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Thousands of New Orleans Teachers Win Court Ruling

Orleans Parish teachers out of a job after Hurricane Katrina are one step closer to a payday.

An appeals court says they were wrongfully terminated.

WGNO News Reporter Darian Trotter has more on the latest legal maneuver.

In the days following Hurricane Katrina; not only were homes lost, jobs were too.

“We were fired,” teacher Jodee Pulizzano said. “The day after the levees broke there was no leave we were fired.” “The website we were told to go to said you’re fired.”

Jodee Pulizzano was among the more than 7-thousand teachers laid off by the Orleans Parish School Board and the State Department of Education.

“Devastating, heart wrenching, I mean I remember crying a lot,” she said. “It was surreal, you just don’t think something like that could happen to you and then happen to the school that you’re at.”

It sparked a class action lawsuit for teachers who were tenured before the storm.

The case has gone through years of legal wrangling.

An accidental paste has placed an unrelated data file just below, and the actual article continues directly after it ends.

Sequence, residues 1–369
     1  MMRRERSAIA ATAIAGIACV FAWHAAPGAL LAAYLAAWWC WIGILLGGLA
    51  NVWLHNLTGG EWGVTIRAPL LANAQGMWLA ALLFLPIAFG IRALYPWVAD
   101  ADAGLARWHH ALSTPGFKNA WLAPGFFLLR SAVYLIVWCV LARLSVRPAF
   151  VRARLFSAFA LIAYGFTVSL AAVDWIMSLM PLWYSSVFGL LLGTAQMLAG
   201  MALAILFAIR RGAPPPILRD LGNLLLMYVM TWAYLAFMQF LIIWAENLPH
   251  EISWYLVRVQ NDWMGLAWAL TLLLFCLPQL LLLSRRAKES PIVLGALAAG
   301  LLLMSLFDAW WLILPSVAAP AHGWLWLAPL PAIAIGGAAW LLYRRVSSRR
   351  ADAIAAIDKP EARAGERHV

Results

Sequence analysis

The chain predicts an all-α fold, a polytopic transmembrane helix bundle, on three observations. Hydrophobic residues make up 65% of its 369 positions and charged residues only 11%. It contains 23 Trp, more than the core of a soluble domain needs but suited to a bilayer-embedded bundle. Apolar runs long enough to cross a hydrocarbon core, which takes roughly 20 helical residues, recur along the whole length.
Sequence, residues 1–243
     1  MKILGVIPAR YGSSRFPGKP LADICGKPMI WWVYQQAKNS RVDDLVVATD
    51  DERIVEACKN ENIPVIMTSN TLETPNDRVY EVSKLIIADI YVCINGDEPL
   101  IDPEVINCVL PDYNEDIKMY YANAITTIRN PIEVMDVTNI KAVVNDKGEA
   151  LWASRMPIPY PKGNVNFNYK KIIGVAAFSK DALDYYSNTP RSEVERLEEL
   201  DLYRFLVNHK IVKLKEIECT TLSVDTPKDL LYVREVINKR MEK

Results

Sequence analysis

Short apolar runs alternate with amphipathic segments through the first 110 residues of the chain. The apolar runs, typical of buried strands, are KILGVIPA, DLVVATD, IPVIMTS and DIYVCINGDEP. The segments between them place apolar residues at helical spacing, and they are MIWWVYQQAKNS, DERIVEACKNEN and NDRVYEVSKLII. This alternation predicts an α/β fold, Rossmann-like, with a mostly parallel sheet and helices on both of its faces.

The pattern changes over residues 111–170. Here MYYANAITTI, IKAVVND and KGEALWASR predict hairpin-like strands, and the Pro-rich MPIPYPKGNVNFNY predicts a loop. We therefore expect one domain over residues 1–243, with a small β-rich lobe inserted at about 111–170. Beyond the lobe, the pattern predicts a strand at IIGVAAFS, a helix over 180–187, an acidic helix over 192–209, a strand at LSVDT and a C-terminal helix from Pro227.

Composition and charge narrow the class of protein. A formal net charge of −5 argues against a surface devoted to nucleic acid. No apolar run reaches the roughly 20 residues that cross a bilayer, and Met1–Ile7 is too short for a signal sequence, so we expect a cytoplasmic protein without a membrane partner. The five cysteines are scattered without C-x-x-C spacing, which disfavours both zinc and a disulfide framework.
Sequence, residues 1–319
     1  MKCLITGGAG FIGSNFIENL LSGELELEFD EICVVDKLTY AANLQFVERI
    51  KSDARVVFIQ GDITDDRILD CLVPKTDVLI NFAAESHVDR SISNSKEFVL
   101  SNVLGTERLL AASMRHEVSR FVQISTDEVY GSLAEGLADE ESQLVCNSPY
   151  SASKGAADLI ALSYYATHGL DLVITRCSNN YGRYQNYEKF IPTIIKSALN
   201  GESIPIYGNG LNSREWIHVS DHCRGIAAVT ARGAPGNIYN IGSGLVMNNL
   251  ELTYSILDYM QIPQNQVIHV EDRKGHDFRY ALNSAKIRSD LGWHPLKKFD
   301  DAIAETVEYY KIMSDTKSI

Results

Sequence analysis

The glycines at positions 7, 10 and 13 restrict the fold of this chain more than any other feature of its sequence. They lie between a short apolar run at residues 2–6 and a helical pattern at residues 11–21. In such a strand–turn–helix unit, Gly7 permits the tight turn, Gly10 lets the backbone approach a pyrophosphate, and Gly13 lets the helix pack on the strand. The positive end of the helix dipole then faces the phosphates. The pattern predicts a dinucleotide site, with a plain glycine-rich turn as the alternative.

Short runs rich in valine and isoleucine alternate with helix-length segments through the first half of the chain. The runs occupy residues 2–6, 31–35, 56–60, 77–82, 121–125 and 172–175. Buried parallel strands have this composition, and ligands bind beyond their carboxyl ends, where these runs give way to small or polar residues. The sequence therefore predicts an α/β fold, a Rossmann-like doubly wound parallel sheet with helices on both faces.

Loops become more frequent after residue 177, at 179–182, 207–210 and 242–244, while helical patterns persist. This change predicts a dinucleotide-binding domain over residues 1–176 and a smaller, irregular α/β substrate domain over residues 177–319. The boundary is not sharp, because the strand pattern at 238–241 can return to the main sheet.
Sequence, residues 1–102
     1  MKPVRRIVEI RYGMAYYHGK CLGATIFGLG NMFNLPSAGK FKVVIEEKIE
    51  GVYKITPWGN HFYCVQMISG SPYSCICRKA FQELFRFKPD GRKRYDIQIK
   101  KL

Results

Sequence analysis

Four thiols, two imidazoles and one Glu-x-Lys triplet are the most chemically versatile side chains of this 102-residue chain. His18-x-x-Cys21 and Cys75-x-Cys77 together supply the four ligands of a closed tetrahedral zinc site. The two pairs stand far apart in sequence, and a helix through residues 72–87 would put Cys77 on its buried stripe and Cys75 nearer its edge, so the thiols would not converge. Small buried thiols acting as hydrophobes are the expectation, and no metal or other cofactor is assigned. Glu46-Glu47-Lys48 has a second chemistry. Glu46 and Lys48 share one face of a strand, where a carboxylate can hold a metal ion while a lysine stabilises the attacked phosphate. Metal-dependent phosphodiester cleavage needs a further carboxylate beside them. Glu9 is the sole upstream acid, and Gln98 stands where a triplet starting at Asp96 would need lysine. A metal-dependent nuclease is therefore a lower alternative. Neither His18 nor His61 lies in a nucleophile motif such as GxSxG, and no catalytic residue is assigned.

Wednesday, Louisiana’s Fourth Circuit Court of Appeals decided unanimously that OPS teachers were wrongfully terminated and were not given due process.

“We won; we got a win that is a great situation for all of us,” Pulizzano said. “It makes you feel good. It doesn’t help what all the teachers have been through but a great win for Orleans Parish teachers and for all of us who have gone through so much.”

“We’re happy about this victory, we’re humble about it, but we just have to see what happens next,” plaintiff’s attorney Willie Zanders said.

According to the ruling, teachers were awarded two years of back pay with benefits from OPSB and an additional year of back pay and benefits from the state; because some of the teachers should have been rehired for its Recovery School District.

It could all amount to at least 1.5 billion dollars in damages.

“Generally speaking those employees who were out of work the longest will be entitled to more if any recovery than those who were only out for a few weeks or a few months,” Zanders said.

The ruling could still be appealed to the State Supreme Court.

Thursday night there was no comment by the school board.

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